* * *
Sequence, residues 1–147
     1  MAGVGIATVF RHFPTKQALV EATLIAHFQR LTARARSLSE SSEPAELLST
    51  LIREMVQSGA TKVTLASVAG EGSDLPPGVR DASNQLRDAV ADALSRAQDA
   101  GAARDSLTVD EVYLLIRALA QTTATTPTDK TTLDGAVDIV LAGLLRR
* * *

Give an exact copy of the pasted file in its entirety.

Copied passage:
Sequence, residues 1–147
     1  MAGVGIATVF RHFPTKQALV EATLIAHFQR LTARARSLSE SSEPAELLST
    51  LIREMVQSGA TKVTLASVAG EGSDLPPGVR DASNQLRDAV ADALSRAQDA
   101  GAARDSLTVD EVYLLIRALA QTTATTPTDK TTLDGAVDIV LAGLLRR